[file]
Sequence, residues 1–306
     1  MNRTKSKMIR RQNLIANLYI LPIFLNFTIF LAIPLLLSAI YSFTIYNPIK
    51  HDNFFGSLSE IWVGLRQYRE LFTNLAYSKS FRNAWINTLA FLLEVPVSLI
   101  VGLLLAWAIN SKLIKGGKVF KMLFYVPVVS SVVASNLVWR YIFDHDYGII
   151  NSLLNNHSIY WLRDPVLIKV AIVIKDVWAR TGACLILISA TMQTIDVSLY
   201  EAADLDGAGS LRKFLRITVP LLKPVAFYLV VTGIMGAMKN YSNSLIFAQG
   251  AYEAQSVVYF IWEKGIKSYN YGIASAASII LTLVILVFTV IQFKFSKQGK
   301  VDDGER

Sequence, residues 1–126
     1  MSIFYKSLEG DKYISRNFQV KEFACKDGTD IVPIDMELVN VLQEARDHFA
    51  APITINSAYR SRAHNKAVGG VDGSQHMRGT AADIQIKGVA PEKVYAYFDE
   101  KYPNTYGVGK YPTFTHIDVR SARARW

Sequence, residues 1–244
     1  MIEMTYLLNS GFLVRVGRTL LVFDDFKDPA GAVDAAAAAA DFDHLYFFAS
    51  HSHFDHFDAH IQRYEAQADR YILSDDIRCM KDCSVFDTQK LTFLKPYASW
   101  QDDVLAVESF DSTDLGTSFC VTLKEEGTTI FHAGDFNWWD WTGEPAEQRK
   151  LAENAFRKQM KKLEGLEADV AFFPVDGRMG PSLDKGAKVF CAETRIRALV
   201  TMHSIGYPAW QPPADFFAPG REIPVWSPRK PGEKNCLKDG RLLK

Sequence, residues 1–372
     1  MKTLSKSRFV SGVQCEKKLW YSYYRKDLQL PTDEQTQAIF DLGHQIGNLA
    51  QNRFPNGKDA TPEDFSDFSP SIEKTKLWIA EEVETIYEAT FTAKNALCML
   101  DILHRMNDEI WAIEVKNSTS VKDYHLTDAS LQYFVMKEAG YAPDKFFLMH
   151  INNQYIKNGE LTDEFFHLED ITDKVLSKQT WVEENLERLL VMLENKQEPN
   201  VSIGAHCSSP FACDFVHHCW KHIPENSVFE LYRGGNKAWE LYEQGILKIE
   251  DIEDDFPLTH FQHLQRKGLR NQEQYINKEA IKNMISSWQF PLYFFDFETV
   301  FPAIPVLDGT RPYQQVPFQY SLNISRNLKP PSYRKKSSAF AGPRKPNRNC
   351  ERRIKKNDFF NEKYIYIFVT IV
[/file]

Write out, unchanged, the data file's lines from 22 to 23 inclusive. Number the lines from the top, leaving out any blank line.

   101  DILHRMNDEI WAIEVKNSTS VKDYHLTDAS LQYFVMKEAG YAPDKFFLMH
   151  INNQYIKNGE LTDEFFHLED ITDKVLSKQT WVEENLERLL VMLENKQEPN